Off-trade On-trade

24 million fewer pints consumed in April

Some 24 million fewer pints were consumed here in Ireland in April 2020 compared to April 2019.
It’s estimated that generally around 60% of beer and cider sales are in the on-trade.

It’s estimated that generally around 60% of beer and cider sales are in the on-trade.

 Not surprisingly new Nielsen data today confirm that alcohol consumption fell by 35.6% in April 2020 compared to April 2019 as a result of Covid-19 restrictions and the closure of the on-trade.

The Nielsen figures show that alcohol sales increased in the off-trade in April but, overall, the closure of Ireland’s pubs, hotels, restaurants and nightclubs resulted in a fall in the total amount of alcohol consumed in Ireland.

The Nielsen data, released by Drinks Ireland, provides figures on the sale of beer and cider (Long Alcoholic Drinks) as well as  spirits in Ireland – but not wine – in both the on- and off-trade.

The industry estimates that wine sales volumes remain about the same in Ireland overall as a result of an increase in off-trade sales whereas only around 18% of wines are sold across the pub counter.

Nielsen reports a 58% increase in the off-trade volume of beer and cider sold but overall sales of beer and cider fell by 36% due to the pubs being closed. It’s estimated that generally around 60% of beer and cider sales are in the on-trade.

And 4.9 million fewer 35.5ml serves of spirits were sold in April 2020 compared to the previous year while there was a 24% increase in the volume of off-trade spirits sales. However this still resulted in a 13% decrease in the volume of spirits sold in Ireland overall.

According to Drinks Ireland the Covid-19 pandemic has significantly impacted Ireland’s drinks industry, with the closure of the on-trade and restrictions in supply to many off-trade channels, not just here in Ireland, but across global markets, imposing commercial pressure on producers.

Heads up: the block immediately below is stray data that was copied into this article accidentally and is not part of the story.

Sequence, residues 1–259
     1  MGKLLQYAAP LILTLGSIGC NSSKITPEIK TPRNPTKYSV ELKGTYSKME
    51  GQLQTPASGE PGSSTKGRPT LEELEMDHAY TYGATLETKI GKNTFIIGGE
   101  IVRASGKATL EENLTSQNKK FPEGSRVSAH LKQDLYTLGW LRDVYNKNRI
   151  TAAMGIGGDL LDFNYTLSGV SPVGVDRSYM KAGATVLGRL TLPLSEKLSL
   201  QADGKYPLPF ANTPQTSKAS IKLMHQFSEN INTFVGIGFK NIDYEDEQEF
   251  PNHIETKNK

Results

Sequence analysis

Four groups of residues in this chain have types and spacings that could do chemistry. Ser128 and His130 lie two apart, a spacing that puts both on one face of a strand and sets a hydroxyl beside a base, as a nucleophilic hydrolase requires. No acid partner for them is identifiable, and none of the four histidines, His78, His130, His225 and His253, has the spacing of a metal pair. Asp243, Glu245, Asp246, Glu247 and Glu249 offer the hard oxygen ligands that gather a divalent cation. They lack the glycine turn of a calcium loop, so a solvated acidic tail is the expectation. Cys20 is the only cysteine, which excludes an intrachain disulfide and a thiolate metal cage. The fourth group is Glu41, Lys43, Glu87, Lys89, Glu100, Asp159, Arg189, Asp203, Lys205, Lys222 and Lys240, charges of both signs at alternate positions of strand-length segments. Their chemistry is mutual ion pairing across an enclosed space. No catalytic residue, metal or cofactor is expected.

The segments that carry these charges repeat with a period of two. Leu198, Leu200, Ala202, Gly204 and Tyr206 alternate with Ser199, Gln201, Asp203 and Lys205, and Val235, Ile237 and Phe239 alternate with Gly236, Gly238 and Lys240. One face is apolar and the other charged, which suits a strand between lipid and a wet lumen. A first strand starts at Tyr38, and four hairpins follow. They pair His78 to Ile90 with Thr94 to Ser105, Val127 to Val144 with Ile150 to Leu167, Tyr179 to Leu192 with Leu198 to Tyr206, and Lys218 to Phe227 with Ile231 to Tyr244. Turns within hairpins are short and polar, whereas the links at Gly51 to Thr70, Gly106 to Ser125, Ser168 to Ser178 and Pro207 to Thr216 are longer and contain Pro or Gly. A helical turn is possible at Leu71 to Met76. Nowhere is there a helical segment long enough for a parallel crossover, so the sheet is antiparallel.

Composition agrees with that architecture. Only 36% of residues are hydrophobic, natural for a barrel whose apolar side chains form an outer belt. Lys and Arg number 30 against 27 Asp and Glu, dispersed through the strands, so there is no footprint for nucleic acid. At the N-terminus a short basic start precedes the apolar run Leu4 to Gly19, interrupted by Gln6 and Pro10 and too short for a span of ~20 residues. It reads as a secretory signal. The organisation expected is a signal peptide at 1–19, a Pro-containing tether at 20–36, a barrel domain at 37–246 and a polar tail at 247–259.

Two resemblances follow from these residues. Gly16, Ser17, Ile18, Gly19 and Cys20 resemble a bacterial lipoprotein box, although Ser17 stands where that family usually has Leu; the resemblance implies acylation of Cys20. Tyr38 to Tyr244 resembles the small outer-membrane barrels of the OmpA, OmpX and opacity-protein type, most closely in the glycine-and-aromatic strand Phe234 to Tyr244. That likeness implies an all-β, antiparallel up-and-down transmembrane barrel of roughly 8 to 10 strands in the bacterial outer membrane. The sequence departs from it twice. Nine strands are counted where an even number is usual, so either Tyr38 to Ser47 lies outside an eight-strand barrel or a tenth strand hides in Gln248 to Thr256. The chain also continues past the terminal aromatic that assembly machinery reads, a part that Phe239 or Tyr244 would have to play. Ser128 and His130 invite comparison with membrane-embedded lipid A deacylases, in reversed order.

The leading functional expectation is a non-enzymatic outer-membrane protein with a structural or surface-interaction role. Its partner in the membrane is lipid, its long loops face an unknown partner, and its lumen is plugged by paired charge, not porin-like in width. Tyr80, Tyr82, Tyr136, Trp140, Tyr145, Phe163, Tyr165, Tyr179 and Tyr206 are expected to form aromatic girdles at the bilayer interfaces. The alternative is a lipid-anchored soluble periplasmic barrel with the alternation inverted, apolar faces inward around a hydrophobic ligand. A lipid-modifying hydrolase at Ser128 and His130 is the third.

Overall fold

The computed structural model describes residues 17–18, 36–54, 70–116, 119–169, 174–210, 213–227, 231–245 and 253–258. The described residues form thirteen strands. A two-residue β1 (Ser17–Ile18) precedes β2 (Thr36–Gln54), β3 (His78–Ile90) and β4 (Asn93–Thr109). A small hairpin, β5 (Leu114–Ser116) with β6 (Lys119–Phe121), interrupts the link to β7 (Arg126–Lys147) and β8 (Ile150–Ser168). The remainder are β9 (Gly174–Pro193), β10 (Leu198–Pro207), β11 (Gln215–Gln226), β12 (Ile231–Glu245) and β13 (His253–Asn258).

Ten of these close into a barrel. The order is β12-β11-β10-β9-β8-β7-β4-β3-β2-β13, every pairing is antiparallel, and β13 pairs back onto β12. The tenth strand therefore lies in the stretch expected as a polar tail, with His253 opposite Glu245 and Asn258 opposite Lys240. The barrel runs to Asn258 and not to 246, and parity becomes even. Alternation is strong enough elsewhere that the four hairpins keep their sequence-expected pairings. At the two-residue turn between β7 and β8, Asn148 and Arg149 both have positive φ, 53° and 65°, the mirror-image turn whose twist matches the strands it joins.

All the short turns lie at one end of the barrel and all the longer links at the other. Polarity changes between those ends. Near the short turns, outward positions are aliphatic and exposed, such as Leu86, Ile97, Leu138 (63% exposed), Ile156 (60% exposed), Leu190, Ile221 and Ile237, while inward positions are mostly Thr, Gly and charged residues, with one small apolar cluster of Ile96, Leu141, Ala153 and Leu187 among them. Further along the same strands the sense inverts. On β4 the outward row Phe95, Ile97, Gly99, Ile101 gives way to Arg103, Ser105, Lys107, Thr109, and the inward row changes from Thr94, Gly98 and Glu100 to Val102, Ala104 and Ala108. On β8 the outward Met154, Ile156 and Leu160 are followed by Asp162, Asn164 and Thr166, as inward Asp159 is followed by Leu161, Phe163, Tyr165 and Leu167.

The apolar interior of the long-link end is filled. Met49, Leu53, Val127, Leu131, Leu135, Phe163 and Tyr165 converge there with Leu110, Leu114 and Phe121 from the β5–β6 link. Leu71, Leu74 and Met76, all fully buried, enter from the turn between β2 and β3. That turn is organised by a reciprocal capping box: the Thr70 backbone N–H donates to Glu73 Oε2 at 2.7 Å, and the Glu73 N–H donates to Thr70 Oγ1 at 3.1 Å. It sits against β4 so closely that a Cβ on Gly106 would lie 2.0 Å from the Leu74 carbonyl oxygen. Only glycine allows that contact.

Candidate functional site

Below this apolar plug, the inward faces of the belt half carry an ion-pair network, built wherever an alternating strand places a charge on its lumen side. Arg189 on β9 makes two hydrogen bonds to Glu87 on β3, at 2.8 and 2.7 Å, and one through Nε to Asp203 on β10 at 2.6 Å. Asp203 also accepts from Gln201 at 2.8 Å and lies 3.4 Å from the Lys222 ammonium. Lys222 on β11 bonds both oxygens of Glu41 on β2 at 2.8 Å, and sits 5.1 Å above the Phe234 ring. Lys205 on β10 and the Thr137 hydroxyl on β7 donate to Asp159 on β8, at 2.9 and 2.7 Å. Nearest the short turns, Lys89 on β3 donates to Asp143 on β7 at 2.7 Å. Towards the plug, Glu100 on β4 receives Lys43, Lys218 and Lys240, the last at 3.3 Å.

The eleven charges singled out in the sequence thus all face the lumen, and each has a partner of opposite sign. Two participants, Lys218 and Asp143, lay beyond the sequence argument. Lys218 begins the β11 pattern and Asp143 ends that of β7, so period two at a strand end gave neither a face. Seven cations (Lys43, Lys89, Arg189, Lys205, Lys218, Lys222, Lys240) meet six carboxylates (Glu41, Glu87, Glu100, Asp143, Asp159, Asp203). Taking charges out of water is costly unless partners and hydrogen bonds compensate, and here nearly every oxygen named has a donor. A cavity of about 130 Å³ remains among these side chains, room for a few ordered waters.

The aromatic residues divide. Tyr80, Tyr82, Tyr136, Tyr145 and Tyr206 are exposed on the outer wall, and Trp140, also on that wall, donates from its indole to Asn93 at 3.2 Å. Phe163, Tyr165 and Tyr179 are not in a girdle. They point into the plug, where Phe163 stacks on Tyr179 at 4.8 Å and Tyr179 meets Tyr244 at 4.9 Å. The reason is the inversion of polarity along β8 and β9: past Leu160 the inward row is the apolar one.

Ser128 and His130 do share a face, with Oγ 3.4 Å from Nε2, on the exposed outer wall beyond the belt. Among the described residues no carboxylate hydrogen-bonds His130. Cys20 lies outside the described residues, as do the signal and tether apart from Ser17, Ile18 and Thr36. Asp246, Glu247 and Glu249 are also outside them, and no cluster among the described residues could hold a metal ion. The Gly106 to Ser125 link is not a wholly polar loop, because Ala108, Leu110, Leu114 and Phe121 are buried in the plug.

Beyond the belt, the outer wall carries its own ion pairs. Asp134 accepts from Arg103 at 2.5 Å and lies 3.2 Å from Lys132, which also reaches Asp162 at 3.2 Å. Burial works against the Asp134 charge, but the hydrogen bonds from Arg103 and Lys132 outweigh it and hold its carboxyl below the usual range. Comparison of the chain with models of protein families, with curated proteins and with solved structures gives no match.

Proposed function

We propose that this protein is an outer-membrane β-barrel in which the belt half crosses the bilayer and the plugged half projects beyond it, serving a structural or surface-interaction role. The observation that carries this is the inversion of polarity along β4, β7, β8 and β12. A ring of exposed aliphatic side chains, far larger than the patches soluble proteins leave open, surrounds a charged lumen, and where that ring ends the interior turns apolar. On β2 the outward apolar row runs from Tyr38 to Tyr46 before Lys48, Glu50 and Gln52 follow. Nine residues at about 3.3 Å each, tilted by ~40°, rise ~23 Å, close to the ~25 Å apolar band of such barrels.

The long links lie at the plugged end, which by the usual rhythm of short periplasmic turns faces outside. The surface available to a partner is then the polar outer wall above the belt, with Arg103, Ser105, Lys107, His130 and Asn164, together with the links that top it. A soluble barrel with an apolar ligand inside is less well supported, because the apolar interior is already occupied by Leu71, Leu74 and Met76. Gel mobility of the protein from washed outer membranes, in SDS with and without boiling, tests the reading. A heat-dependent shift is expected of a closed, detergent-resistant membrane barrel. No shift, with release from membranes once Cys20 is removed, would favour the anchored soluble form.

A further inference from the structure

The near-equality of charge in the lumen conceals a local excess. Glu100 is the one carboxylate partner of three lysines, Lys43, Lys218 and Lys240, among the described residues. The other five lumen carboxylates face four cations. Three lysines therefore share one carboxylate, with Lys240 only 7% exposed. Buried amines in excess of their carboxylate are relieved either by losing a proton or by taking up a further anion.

In addition, the closure of brewery and distillery visitor centres, which usually attract three million people, mainly overseas visitors, has severely impacted jobs and revenue.

“There has been a perception that people are drinking more as a result of the Covid-19 restrictions, but these figures clearly show that this is not the case, with overall sales down by just under 36%,” explained Drinks Ireland Director Patricia Callan, “With pubs, restaurants and hotels closed and Government restrictions in place, there’s been not only a fall in the amount of alcohol consumed but changes in the way people drink.

“Many people have taken part in a virtual drink with family or friends but we’re also seeing an array of online wine and drink tastings and cocktail-making events. People are also enjoying a drink in the garden in the sun or with dinner at home after work, allowing for a little bit of normality at this time.”

Nielsen’s figures do not include sales data from Dunnes Stores or the discounters.

In bars and pubs, overall sales volumes decreased by 90.5% in April and by 90.4% in value when compared to April 2019 according to provisional seasonally-adjusted figures from the CSO’s Retail Sales Volume data for the month.

 

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